We roll on to the x-ray room for new photos.  The technician who was there last time greets me.  She is from Switzerland.  We talk about the oppressively gray weather of Zürich.  I tell her about my very good friend Erich Weiss who lives on Wasserwerkstrasse downtown.  Erich is my comrade.  He is an extraordinary writer, a champion of the oppressed and a vagabond wunderkind with a gypsy’s soul.  We met Erich traveling decades ago on the Magic Bus, a low cost hippy bus service that traveled overland from Europe to India.  We still have contact.

But I digress.  The orthopedic surgeon visiting from Curacao appears after reading my X-rays.  He is the first doctor that I have seen in six unsupervised weeks.  I’ve been stranded on a sandbar.  He begins by manipulating all my broken joints, moving them with two hands in various directions.  “Do you feel any pain?”  “No, only heavy stiffness”.  “And now?”  “No.  Just the same stiffness.”  He seems a bit surprised by my reactions or lack thereof.  “Well, then there is no sense in putting you back into casts.”  Bingo.  I hit the trifecta.  This has been a good day at the track.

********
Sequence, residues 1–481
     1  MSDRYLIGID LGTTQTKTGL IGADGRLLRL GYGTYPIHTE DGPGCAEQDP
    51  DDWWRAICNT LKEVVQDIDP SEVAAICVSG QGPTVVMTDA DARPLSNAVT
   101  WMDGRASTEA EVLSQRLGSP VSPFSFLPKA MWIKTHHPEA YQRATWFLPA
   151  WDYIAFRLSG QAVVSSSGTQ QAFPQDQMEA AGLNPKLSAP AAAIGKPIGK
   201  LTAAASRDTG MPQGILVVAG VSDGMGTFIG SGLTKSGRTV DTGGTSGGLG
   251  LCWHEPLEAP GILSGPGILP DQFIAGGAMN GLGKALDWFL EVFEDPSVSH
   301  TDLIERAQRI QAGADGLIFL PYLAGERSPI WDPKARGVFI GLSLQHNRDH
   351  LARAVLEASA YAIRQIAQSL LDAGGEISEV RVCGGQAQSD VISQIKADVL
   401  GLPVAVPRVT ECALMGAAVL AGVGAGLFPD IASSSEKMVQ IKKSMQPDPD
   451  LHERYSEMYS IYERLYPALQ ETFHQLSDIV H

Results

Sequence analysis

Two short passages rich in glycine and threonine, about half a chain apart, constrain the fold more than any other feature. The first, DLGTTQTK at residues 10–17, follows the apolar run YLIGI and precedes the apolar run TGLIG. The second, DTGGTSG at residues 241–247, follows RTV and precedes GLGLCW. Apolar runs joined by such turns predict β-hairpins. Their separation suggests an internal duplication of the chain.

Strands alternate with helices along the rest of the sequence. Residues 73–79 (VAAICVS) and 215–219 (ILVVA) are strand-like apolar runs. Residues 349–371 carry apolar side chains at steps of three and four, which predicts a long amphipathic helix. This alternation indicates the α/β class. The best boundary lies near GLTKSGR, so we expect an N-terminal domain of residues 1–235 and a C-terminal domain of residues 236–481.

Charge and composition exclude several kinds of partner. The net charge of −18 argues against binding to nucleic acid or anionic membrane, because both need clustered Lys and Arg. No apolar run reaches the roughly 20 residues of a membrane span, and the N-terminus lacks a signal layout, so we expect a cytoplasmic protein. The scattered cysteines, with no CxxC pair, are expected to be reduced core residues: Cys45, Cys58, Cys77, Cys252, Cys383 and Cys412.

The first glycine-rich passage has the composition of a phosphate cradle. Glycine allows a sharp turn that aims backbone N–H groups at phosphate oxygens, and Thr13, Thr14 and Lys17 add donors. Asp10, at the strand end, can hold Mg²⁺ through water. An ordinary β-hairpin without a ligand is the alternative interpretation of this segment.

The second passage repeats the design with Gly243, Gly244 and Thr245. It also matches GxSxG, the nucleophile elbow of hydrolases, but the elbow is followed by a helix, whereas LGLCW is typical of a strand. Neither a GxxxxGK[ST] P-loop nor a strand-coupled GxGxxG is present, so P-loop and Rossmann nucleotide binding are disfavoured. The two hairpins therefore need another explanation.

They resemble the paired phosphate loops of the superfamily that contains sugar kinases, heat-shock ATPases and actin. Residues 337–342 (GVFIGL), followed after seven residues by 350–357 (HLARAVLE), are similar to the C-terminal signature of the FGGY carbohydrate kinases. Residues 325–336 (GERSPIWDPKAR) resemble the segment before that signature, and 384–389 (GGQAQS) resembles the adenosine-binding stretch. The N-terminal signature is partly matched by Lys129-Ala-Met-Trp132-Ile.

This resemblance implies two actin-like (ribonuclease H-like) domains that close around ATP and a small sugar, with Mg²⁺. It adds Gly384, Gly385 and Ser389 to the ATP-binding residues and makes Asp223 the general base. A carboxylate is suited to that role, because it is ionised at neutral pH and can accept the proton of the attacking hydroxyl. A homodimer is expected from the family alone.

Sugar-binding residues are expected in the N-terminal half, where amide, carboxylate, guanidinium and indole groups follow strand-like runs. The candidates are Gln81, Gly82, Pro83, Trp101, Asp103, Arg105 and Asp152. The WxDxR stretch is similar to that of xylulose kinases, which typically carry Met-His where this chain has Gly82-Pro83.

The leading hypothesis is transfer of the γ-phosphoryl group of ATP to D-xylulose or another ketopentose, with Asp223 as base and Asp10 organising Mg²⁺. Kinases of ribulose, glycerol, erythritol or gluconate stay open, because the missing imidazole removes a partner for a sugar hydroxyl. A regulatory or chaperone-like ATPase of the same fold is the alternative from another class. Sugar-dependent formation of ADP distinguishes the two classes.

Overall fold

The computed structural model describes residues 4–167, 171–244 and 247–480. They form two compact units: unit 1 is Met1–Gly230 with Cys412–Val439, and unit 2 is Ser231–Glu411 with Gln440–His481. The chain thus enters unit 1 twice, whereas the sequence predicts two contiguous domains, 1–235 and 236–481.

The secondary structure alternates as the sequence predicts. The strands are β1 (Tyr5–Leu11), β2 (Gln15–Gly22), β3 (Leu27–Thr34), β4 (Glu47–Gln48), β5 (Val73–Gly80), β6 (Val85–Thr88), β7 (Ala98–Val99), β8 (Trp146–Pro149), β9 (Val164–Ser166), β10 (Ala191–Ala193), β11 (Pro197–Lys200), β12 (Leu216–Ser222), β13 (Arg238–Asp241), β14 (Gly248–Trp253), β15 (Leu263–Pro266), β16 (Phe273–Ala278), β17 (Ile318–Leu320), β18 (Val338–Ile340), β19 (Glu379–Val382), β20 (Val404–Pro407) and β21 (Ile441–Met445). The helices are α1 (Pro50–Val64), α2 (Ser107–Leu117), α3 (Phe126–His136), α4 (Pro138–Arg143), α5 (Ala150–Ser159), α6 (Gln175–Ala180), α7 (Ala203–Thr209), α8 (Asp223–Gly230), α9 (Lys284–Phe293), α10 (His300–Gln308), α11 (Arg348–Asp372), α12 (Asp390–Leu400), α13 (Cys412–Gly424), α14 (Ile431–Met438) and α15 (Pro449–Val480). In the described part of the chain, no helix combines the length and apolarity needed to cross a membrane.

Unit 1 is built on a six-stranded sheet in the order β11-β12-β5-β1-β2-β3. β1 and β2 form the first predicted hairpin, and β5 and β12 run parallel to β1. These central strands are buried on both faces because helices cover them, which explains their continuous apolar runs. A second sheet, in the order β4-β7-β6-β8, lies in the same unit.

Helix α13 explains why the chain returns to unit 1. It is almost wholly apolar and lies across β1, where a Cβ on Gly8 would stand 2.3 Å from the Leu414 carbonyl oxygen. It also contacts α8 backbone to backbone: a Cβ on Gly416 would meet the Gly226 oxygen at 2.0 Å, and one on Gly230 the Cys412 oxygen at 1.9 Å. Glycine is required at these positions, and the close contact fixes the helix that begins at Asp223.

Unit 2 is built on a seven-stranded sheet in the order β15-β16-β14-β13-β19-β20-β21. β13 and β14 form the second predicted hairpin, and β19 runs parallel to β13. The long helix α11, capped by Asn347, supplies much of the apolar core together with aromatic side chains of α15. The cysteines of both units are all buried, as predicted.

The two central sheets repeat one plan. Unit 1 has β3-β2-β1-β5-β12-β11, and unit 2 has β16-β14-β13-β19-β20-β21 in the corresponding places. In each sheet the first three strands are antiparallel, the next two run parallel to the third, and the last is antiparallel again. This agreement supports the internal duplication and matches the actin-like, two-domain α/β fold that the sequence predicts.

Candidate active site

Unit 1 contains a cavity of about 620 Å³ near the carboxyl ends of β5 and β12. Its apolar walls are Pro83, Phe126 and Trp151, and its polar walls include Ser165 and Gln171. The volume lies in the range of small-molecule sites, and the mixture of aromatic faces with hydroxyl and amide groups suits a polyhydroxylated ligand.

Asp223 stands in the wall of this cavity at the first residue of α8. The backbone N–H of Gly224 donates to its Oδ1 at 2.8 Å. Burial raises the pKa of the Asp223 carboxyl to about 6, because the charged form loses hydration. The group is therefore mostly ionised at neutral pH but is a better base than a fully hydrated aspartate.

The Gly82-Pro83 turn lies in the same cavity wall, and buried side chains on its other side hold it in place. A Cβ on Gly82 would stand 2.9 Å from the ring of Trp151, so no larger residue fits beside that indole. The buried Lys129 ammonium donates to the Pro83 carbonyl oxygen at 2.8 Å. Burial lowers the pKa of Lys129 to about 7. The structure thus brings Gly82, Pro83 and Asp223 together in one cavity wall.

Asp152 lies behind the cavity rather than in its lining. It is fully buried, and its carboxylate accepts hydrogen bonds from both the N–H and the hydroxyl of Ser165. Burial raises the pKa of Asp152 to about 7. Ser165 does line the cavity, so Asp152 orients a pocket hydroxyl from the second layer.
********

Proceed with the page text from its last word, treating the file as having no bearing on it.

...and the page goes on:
We pitch him the idea of hydrotherapy to take place in our terrace pool.  He’s enthusiastic about this and I later arrange for a hydrotherapy specialist to lead my physical therapy in the water. The doc also says to return in 6 weeks for new x-rays and a new plan.

The ambulance delivers us home by four o’clock.  We have been gone for five hours.   We each drink a pint of Guinness in celebration of my new found freedom.  Sitting in the wheelchair, I glance down to my two pathetic appendages.  They are deeply discolored.  The skin is wrinkled and hangs off the bone due to a lack of activity.  I mention that I look like Gandhi after a long hunger strike.  Hettie thinks I resemble Yoda from Star Wars, Episode Two.  I stare at a scab on the side of my left heel.  Underneath I discover a large hematoma (think of the biggest badass bruise that you’ve ever seen) hanging from the bottom of my left foot.  Now I know where all that intense pain has been coming from that past two weeks.  With the plaster removed, it should now heal quickly.

It has been a wonderful day and only getting better.  Without casts, I can now rehab all three fractures in the pool.  Our local freighter delivers a lift today, having completed a two-step tango voyaging from Miami to Curacao to here.  Once installed, I will be able to transfer my sorry ass from wheelchair to pool.  I’m a water dog panting in anticipation.  Let the games begin.18483